Good story on the Mets. [Bums rush, Cover Story, Oct. 7]. But I like Jeter on the Yankees. He’s a hottie.
The yoke’s on you
If anything proves the desperation of the Nassau Republicans in their frenzied efforts to maintain a political chokehold [Charity of the gods, Cover Story, Oct. 14], it is the disgusting display in three instances as it tries to find money to cover financial fiascoes caused by decades of featherbedding, patronage, cronyism, nepotism and corruption.
First came the 1 percent real estate transfer tax, whereby the Republicans declared themselves partners in every real estate sale in the county. Second was the use of $1 million by the Republicans to distance themselves from Gulotta and the cumulative effects of his (their) budgetary bombs, all of which passed their tightly controlled legislature without a whisper. Now that it’s time to pay the piper, they air television ads about their supposed plan to save the county from the financial firestorms they helped create. One look at the suits and jewelry that guys like Blakeman and Gulotta sport in their self-praising ads speaks volumes about how to live la vida loca while sucking on the public teat. Third is the sickening decision to “save money” by cutting funding for the already underfunded and overworked child protective services. Gulotta chooses to endanger the lives of children, who can’t vote, in favor of placating his sycophants and God-alone-knows how many no-show jobholders, who can and do vote.
The Nassau Republicans seem capable of betraying the taxpayer and each other and of sacrificing the welfare of innocents. The stench of a decaying empire, collapsing from within, befouls Nassau’s political air these days.
Attention! Deficit disorder!
The Nassau Republican legislators’ “Deficit Elimination Program” is nothing but a smoke-and-mirrors gimmick designed to sneak the Republicans past this election so they can go back to their tax-and-spend ways at taxpayer cost and peril.
Despite the party’s self-serving statements, the plan is fiscally irresponsible and a danger to the future of our county’s financial health.
The 10-point Nassau County Democratic financial plan has gotten little press, but it’s much closer to what the county needs to fix its financial crisis and return the county to fiscal health. It’s up to the voters to reject the Republican plan on November 2 and vote for change.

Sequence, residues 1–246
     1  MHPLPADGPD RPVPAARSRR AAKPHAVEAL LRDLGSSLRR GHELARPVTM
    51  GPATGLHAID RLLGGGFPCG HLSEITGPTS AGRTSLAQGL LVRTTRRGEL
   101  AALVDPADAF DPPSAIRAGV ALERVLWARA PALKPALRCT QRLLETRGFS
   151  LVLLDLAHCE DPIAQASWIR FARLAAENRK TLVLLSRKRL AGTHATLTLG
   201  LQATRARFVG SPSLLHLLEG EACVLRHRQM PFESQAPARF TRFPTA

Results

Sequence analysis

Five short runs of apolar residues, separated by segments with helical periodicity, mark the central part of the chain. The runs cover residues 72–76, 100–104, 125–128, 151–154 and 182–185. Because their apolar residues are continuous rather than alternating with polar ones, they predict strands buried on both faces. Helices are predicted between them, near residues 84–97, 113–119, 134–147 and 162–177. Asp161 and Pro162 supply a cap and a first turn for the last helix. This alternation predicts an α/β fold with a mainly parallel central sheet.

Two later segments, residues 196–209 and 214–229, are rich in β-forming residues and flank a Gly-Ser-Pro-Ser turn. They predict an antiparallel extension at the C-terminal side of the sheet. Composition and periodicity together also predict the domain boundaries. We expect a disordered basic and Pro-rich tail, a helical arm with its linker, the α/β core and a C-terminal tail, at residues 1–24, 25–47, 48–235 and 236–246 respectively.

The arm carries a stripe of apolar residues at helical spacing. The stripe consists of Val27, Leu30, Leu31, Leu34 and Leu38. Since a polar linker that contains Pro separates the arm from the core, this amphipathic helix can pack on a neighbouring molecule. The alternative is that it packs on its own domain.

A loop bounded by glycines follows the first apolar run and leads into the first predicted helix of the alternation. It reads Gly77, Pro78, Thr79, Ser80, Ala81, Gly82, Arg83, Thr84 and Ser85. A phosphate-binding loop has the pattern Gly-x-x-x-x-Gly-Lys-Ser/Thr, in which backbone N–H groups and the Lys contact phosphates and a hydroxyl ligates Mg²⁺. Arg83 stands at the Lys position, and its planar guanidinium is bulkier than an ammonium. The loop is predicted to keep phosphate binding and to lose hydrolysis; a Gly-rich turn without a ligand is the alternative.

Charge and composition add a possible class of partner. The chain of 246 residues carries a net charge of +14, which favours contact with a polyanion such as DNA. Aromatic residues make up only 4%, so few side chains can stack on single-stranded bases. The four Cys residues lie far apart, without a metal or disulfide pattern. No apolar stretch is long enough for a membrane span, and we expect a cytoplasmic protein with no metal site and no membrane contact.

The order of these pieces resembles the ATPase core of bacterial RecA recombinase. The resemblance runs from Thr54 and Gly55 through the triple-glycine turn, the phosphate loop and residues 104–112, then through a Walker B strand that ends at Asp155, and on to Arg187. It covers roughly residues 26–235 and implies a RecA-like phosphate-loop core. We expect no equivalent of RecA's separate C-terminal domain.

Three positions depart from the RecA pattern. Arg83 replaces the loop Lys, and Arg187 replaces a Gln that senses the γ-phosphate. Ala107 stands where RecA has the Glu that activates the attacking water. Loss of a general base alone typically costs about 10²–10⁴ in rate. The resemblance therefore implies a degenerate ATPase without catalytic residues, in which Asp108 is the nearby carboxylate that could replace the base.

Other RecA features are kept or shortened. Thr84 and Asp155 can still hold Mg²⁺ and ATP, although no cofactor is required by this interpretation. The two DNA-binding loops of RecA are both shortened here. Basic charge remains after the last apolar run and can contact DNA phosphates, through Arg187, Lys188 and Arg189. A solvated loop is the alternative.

Throw ’em all out
It’s almost Election Day and, once again, the Democratic Party and Republican Party have proven virtually indistinguishable. Both stand for the status quo of a large, corrupt government. Neither is interested in making Long Island the best place it can be. All they want to do is give patronage jobs to their friends, place more power in the hands of the government and invent excuses to put taxpayer money where it doesn’t belong.
Many people think that voting is a process of choosing the lesser of two evils. These people are wrong! Believe it or not, there are actually candidates out there who want to reduce the size of the government, put an end to all taxation and restore as much freedom as possible to the people of Long Island. The Libertarian Party has worked hard to give people the option of voting for candidates such as these. This year, voters in Suffolk will have the opportunity to vote for Audrey Pappaeliou for Brookhaven town supervisor and Bruce Martin for Third District county legislator. These candidates, and all other Libertarian candidates, have no interest in raiding the wallets of Long Islanders to support their own dreams of power.
Instead of electing the same old crowd of Democratic-Republican crooks, we can elect people who will do the right thing by everyone. Corrupt government can be brought to a swift end. All it takes is a few well-placed votes.
Tuned in, turned on
On behalf of the WUSB staff, I want to thank you and your staff for selecting Jill Morrison as Best College Radio DJ of the year [Best of LI ’99, Cover Story, Sept. 30]. I appreciate your ongoing support of our non-commercial station.
General manager of WUSB-FM/90.1
This article from the Village Voice Archive was posted on November 2, 1999